While this price evolution is projected to hit upstream producers the hardest, these decisions will indelibly shape downstream distributors and retailers. McKesson Corporation, the parent company of the Rexall Health pharmacy chain, operates in both industries as a vertically integrated medical supplies and equipment wholesaler and retailer. The company’s decision to close stores amid growth in the broader Pharmacies and Drug Stores industry points to patterns outside of strict retail operations. For example, operators in the Pharmaceuticals and Pharmacy Supplies Wholesaling industry have struggled to maintain profitability over the five years to 2018, with profit margins sinking from 6.2% in 2013 to an estimated 4.2% in 2018. While McKesson has an estimated 22.3% market share in this industry, distribution has been its primary objective for most of the company’s history, which may have contributed to its decision to close a portion of its retail operation as opposed to distribution networks.
Meanwhile, McKesson captures an estimated 26.3% of retail pharmacy demand domestically but is transitioning to a business model based on more healthcare service as opposed to simply product sales, which further contributes to its decision to consolidate its retail operations. This shift to value-added services is a crucial strategy with a projected 0.8% growth in revenue for retail pharmacies over 2018. This slowing growth is primarily due to intensifying competition up and down the supply chain, and drug price decreases are expected to further constrain industry growth since pharmaceutical sales comprise an estimated 67.2% of all industry revenue on average for retail pharmacies. As a result, while profit has been improving over the five years to 2018, shifts in drug prices may facilitate a more rapid transition to value-added services from other industry players to maintain profitability. Profit is also pressured by higher minimum wage laws and cutbacks in government subsidies for pharmacists’ services such as medication counselling. Loblaw, which owns Shoppers Drug Mart, the largest drugstore chain in Canada, expects healthcare reforms alone to contribute to declines in operating profit by $250.0 million in 2018. McKesson is not alone in this paradigm shift.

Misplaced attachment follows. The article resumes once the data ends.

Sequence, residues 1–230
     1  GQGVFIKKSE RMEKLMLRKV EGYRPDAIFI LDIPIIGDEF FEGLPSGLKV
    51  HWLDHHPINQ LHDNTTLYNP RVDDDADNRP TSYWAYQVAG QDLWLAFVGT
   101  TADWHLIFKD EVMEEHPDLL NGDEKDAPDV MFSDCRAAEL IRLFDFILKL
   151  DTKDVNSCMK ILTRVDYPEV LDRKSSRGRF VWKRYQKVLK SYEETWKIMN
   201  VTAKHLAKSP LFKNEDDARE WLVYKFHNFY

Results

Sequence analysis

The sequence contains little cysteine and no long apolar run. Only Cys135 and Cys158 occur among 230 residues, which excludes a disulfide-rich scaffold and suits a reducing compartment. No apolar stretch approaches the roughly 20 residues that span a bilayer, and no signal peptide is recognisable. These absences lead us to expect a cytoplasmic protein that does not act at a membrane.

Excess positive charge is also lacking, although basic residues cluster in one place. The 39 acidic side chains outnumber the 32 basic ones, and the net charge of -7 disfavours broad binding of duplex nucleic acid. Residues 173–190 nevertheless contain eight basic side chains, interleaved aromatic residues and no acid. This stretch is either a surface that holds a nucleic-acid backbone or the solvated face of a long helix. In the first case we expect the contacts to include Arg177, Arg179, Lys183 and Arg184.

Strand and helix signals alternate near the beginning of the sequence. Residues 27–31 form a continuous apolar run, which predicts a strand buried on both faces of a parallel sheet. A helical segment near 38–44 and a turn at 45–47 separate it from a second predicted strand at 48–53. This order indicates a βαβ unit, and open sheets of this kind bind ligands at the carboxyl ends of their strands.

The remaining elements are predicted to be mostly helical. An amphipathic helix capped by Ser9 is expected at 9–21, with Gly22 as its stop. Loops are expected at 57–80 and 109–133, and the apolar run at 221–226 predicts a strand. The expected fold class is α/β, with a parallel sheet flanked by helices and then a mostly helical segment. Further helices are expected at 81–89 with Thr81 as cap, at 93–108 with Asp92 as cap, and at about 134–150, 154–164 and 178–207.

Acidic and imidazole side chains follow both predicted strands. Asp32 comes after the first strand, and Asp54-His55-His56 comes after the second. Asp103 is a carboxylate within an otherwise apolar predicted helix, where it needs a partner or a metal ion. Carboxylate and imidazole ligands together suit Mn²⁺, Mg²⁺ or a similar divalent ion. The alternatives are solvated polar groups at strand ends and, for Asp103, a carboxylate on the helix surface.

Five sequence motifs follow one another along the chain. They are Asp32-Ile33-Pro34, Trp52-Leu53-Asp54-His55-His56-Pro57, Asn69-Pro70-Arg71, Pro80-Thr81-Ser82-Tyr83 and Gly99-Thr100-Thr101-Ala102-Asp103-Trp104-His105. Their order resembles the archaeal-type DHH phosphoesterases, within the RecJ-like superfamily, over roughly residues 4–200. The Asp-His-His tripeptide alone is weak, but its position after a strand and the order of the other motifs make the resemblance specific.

Historically, the decision to reduce generic drug prices has been the purview of provincial and municipal governments. This is one of the first concerted efforts among both provincial and federal governing bodies to unilaterally accept these changes. This broad move was precipitated by Quebec’s July 2017 announcement of a similar agreement within the province. The vanguards at Quebec have facilitated a crucial moment in the pharmaceutical sector with consequences up and down the supply chain. While the outcome of this decision, which was implemented on April 1, is yet to fully come to fruition, the closure of 40 Rexall Health stores is a salient indicator of what is to come and reflects long-standing trends throughout the healthcare supply chain domestically and abroad.
Edited by Rebecca Simon. Designed by Tafannum Rahman.
Industry Impact: Brand-Name Pharmaceutical Manufacturing; Generic Pharmaceutical Manufacturing; Global Pharmaceuticals & Medicine Manufacturing; Pharmacies & Drug Stores; Pharmaceuticals & Pharmacy Supplies Wholesaling